Experiencing the eclipse at 35,000 feet: How two Alaska Airlines dispatchers made it happen

Photos by Ingrid Barrentine
Guests aboard Alaska Airlines Flight #322 from San Diego to Dulles were treated to front-row seats for Monday’s total eclipse. Guests donned eclipse glasses and peered through their windows to witness this rare celestial event, which won’t happen again in the United States until 2044. But the timing was no coincidence. “This was the first I had piloted during a solar eclipse, and I actually retire in 2040, so being in the front row was right at the top of the list for some of the best experiences I’ve had in the sky,” said Scott Bunch, Alaska Airlines first officer for Flight #322. “It was great teamwork from everybody involved. We had excellent dispatching that provided a route to keep the aircraft on the path of totality. Not only did we go through the darkness from the moon passing in front of the sun, but we also stayed in it. I was ecstatic.” Solar eclipse chasers had long booked their flights along the path of full totality to watch from the ground. Many of Alaska’s flights to Austin, Dallas, San Antonio and Mazatlán, Mexico had sold out in advance. To respond to the increase in demand, we added flights to Texas and Mexico—destinations that were projected to have the longest duration of totality.

How we made it happen.

Unlike in 2017, when Alaska chased the Great American Eclipse with the help of a team of pilots and an astronomer, there was no elaborate flight planned out to give guests a view from the sky. When excitement began building ahead of the April 8 event from guests and media, Joe Demory, director of dispatch at Alaska Airlines, started looking into which flights we already had on the schedule that would likely give guests the best seats in the house. “We started with basic research by comparing our flight schedule with the eclipse path,” said Demory. “I was able to identify two flights out of San Diego—one to Boston and the other to Dulles—that would give us the best chance of following the eclipse path for the longest period of time.” But Demory knew weather, air traffic control (ATC) and other factors out of our control could delay the flights and miss the eclipse altogether. Knowing guests would be disappointed if they didn’t get to watch the moon obscuring the view of the sun, Demory asked veteran Alaska chief dispatchers Ed Fischer and Eric Juchartz to help plan the best flight path for the pilots that day.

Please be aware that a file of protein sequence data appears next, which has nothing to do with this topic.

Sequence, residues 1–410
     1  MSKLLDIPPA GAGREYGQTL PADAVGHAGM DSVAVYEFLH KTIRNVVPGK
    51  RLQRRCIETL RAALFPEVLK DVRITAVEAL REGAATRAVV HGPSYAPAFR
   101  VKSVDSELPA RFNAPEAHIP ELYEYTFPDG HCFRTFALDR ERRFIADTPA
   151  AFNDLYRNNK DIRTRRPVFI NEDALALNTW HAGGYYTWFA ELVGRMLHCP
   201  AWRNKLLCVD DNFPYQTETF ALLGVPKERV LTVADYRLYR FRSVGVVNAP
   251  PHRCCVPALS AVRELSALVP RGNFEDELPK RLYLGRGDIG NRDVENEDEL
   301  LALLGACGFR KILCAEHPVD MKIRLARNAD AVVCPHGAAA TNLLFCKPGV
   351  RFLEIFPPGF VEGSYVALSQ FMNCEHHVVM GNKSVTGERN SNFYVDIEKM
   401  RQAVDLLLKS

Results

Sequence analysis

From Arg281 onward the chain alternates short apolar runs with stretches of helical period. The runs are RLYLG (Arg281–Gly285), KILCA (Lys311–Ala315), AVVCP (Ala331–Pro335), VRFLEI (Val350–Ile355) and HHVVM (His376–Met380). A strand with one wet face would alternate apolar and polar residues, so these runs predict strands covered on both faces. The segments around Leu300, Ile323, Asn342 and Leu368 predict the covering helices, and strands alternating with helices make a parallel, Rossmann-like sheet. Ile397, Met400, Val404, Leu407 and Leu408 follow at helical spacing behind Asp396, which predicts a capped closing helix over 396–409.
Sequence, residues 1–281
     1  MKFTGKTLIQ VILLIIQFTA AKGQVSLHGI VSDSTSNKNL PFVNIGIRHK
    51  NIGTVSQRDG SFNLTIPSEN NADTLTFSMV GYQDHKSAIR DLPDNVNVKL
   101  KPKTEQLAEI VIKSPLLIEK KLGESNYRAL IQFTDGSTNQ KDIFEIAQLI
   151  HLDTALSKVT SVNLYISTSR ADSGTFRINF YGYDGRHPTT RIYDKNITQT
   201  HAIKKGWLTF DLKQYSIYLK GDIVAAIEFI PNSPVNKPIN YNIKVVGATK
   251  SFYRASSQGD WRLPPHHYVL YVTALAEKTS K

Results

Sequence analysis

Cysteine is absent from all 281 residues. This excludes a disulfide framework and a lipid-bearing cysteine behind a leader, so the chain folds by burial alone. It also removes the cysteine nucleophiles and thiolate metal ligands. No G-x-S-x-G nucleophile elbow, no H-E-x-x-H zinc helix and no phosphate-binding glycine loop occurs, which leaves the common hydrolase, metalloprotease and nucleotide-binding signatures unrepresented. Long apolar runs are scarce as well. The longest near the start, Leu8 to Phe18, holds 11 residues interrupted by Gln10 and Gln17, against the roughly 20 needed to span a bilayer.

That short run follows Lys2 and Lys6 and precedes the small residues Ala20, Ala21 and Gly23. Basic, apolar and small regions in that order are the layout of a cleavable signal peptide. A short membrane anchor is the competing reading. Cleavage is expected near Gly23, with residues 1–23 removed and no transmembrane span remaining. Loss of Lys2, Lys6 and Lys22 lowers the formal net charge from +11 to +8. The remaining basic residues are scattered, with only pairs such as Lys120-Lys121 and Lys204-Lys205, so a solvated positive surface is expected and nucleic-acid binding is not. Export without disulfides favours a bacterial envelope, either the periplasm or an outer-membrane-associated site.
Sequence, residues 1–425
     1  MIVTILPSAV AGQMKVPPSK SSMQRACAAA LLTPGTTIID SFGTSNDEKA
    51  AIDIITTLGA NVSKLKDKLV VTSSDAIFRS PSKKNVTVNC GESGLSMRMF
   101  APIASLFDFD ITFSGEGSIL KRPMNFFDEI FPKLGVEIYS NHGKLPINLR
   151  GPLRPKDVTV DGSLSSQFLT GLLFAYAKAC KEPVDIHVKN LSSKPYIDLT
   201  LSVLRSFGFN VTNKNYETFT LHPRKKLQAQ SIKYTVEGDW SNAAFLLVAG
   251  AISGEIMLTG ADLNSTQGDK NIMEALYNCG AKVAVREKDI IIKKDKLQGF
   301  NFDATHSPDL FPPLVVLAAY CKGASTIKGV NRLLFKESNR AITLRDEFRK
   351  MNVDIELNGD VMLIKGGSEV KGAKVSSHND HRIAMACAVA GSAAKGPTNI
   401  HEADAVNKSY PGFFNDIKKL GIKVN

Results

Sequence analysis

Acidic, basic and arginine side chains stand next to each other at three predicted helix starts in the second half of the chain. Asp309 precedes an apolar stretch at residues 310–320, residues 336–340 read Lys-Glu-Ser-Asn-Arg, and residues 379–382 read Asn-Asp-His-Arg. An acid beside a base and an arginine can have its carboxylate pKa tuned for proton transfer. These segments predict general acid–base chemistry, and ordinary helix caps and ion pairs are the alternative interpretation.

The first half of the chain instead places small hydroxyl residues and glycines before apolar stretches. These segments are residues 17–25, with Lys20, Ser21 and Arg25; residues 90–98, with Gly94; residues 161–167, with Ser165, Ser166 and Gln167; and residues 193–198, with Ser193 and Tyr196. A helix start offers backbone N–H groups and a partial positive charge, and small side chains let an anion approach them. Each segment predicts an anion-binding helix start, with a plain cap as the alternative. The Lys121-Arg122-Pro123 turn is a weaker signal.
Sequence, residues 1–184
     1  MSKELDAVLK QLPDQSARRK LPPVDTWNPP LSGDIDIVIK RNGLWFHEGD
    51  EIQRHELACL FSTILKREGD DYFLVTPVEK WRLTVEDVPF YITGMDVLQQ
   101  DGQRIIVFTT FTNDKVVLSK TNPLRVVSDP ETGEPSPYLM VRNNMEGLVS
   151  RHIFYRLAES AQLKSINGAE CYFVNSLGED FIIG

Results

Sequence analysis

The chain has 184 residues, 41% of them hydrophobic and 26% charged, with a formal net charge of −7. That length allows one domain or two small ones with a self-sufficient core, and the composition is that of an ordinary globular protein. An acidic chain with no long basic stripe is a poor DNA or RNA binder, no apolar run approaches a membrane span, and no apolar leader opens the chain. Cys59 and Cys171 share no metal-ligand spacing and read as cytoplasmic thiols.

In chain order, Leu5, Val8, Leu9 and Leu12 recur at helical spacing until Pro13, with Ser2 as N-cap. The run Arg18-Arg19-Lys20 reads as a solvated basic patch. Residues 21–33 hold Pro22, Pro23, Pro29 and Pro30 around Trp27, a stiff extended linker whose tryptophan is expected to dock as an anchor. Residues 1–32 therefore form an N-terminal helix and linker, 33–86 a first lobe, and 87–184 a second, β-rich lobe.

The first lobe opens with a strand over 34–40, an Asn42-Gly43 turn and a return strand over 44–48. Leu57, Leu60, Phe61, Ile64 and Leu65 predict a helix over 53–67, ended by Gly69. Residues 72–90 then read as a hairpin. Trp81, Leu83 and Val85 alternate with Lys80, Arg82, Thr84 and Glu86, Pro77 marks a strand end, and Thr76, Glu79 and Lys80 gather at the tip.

Planning the path to totality.

“We had a small window of time to make this all work, especially for full totality that everyone wanted to see—you want to watch the full eclipse, not the partial,” said Juchartz. “I started with Google Earth, which had an eclipse overlay, so that was kind of cool.” It took him about an hour to use different technology and software to map out the best route for both flights. It would mean flying farther south than typical flights to Dulles and Boston. On the day of the eclipse, Fischer (who used to navigate aircraft for the U.S. Airforce) reviewed Juchartz’s flight paths and made small adjustments back at Dispatch. In his role as dispatcher, Fischer communicated with our pilots the entire flight to make sure they got to their destination safely and didn’t miss the total solar eclipse. “We were probably going to intercept it somewhere around Indianapolis is what I guessed, and it was going to be dependent on how strong the winds were and when we actually took off,” said Fischer. “I emailed the crew a list of the eclipse times along their route so they could see about what time they were going to be at different points and then pass it on to our passengers.”

 Dispatch makes it happen for every flight.

Alaska Airlines dispatchers played an indispensable role in orchestrating this special flight for our guests while also overseeing the coordination of all our daily flight operations, ensuring unwavering commitment to safety, efficiency, and adherence to regulations for every flight. “It was right over Missouri, just shy of the border of Illinois, that we actually got the full eclipse, it was awesome,” said Nick Mentzen, captain at Alaska Airlines, who piloted flight 322. “ATC gave us permission to fly at a lower altitude and do a series of ‘s-turns’ to give our guests on both sides of the plane to get a view, first to the right then followed by a turn to the left and that’s when we actually got the full eclipse.”
It just goes to show the level of expertise and professionalism within our team; whether people realize it or not, every flight is receiving that oversight from our dispatch work group to make sure our guests get from their origin to destination safely and efficiently,” Demory said. “Monday was our opportunity to shine and highlight some of the things that we do behind the scenes on a daily basis.”
Wearing eclipse glasses gifted by Alaska, guests watched the entire event unfold from their seats above the earth. The level of excitement was electric. 

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